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Scottish Court throws out case against home use of abortion pills

The Court of Session has dismissed a judicial review brought by the anti-abortion campaign group SPUC (the Society for the Protection of Unborn Children) against the Scottish Government’s decision to allow women to take misoprostol, the second drug used to effect an early medical abortion, in the safety of their home. Humanists UK has welcomed this ruling, which brings abortion law in Scotland in line with best medical practice in this area, and has an impact on Wales, which has followed Scotland’s lead on this matter.

In her ruling, Lasy Wise stated that ‘patients who self-administer medication at home may still be described as being treated by their medical practitioner who remains in charge of that treatment.’ Therefore, home use is lawful under the terms of the 1967 Abortion Act, which states that the procedure must be performed under the supervision of a medical professional. SPUC has announced that they intend to appeal against this ruling.

Most abortions are carried out before the 12th week of gestation and over 80 percent of procedures are carried out medically by women taking two pills either on the same day or several days apart. Until last year women in Scotland were required to take both pills in a clinic or hospital, often resulting in women experiencing bleeding, cramping, and miscarriage whilst travelling home. In July this year, the Welsh Government also issued new guidance to health boards across Wales to allow home use of misoprostol.  Similar policies already operate in the United States, France, and Sweden.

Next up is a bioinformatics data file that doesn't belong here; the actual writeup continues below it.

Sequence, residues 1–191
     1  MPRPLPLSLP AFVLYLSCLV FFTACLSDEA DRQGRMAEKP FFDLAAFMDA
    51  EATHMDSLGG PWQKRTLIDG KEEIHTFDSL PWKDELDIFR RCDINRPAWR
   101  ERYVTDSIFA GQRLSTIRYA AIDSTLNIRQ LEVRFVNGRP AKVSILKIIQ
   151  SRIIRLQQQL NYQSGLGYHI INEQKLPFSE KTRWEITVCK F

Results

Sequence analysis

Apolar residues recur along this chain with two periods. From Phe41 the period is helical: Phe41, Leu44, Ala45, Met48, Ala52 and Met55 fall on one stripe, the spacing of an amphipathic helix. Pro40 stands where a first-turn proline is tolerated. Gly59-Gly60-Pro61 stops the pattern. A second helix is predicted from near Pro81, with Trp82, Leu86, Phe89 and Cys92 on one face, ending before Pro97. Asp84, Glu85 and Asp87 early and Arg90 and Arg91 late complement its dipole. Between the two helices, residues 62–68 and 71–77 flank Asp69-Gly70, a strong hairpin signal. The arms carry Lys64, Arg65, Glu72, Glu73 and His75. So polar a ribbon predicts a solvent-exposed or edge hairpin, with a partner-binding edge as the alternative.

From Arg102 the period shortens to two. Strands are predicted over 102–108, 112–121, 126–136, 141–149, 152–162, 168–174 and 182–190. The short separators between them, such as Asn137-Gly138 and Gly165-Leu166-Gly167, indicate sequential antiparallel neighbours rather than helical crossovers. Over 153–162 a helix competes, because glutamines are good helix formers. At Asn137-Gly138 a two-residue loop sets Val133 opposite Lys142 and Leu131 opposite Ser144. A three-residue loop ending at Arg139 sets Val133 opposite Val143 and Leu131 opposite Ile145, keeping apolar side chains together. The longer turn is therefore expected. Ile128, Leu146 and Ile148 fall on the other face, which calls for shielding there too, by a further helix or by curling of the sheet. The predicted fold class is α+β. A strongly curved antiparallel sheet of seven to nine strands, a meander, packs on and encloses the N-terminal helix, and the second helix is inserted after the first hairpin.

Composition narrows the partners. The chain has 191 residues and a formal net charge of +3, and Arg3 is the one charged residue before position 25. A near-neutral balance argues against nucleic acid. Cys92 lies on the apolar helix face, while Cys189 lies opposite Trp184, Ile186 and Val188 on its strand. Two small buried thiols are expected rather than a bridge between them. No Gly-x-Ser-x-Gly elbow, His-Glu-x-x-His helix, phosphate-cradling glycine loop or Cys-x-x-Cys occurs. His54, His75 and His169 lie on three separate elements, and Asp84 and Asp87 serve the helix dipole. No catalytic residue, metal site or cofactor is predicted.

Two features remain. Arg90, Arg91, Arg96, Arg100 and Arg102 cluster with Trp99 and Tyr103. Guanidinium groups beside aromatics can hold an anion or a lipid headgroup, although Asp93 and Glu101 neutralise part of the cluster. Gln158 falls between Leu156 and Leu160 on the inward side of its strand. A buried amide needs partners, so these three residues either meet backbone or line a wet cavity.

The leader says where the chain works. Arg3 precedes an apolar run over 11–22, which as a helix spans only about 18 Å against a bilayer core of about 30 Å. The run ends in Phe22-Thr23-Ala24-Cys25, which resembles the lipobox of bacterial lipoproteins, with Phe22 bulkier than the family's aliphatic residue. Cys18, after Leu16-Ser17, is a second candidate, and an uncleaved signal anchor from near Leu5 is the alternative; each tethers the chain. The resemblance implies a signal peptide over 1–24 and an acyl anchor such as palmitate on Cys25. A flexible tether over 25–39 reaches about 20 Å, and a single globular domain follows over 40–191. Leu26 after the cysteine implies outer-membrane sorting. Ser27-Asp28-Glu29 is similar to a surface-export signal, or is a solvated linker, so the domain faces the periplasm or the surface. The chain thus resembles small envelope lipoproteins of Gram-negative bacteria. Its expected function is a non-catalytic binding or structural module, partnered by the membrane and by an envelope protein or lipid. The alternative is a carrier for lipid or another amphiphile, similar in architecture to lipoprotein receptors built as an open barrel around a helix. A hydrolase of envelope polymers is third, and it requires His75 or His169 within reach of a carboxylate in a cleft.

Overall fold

Humanists UK’s Campaigns Officer Rachel Taggart-Ryan commented, ‘We are delighted that the Court of Session has upheld the decision of the Scottish Government to bring abortion care in the 21st century. Recent studies have shown that the home use of misoprostol is safe and improves the quality of women’s experience. There is no longer any medical reason for women to take the second pill in a clinical setting, nor experience the adverse effects of having done so whilst travelling.’

‘In April, Humanists UK and other campaigning groups and royal colleges wrote a letter to The Times calling upon the UK Secretary of State for Health and Social Care to also allow women in England to take abortion pills at home. This ruling will greatly strengthen the case for reform in England.’


For further comment or information contact Rachel Taggart-Ryan, Campaigns Officer at or 0207 324 3065.

Read more about Humanists UK’s campaigns work on abortion:

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